State Sen. Charlie Bethel, R-Dalton, said in an interview on Wednesday he does not recall McKoon telling anyone in the Republican caucus meeting he would be offering the amendment.
“Generally, in our caucus meetings someone will announce ‘I have an amendment’ and talk about it. That didn’t happen or if it did I wasn’t there, and I’m usually there for caucus meetings,” he said. “I knew what bills we would be voting for, but I wasn’t aware that any amendment would be offered.”
Consequently, Bethel was not on the floor of the Senate when McKoon offered the amendment.
“That was the day that we had the vote on the autism bill (which mandated that insurance companies provide some coverage to children with autism), which I was the lead sponsor of. There were a number of media inquiries, so I stepped out to talk to reporters,” Bethel said.
Bethel said when he stepped back into the chamber the vote on McKoon’s amendment had already been taken.
“But what I heard from my colleagues and others is the same story (King told),” he said. “It apparently wasn’t a long debate because I only did a couple of interviews.”
Bethel said he generally supports recorded votes.
“Josh has always been good to me, and if he’d asked for a recorded vote on his issue, I expect I would have supported him,” Bethel said. “I didn’t run (for office) not to vote. It doesn’t bother me to have a recorded vote. But others may disagree. They may not want a record of their vote. But there could be other reasons. They may just want to keep things moving. They may believe the sponsor of the amendment or other issue has done something procedurally improper and they don’t want to reward that person. I’m not saying any of that happened because I wasn’t there.”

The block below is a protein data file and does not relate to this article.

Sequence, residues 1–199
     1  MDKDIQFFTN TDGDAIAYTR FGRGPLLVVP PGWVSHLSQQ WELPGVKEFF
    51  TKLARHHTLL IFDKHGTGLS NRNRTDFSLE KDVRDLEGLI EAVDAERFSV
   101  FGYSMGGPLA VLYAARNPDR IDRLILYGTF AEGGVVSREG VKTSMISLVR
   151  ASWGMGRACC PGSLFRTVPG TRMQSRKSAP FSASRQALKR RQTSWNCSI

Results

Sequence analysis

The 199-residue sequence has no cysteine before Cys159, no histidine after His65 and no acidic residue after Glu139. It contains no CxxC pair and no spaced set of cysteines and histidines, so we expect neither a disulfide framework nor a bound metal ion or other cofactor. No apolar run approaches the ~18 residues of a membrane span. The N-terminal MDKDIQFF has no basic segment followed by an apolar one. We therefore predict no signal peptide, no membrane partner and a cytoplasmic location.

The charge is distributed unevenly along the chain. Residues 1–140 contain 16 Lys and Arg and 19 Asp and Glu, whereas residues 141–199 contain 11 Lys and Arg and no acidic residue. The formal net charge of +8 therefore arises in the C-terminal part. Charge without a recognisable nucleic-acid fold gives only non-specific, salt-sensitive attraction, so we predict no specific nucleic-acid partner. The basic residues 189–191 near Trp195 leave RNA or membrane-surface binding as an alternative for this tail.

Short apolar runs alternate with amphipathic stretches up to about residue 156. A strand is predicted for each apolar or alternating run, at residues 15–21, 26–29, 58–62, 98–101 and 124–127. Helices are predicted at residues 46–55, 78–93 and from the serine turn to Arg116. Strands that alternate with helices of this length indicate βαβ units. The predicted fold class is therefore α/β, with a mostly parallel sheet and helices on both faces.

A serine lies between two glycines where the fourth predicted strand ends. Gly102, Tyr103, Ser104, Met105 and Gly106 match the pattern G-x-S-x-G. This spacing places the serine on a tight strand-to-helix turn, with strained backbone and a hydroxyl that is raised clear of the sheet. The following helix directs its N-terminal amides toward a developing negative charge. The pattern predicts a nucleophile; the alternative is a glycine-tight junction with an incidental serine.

King said even those who aren’t passionate about immigration issues should be concerned that the Senate regularly conducts business through such unrecorded votes.
Dalton Tea Party member Ed Painter said only the threat of being replaced will motivate elected officials to do what voters want.
“Sometimes, it isn’t about who is the better person or better candidate. It’s about what this person has done or hasn’t done in office,” he said. “We need to be prepared to oppose someone who has been in there and hasn’t done what we wanted. That’s the only way we’ll send a message.” HERE